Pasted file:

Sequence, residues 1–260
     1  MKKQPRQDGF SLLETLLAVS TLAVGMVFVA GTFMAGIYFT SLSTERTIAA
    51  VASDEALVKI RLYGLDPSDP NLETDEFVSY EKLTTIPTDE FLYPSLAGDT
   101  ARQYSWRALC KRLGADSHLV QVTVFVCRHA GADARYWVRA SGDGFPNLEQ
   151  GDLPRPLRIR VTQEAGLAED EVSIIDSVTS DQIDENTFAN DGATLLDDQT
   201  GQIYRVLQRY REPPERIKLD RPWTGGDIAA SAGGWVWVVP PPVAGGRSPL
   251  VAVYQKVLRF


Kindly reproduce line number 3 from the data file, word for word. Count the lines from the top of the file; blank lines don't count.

    51  VASDEALVKI RLYGLDPSDP NLETDEFVSY EKLTTIPTDE FLYPSLAGDT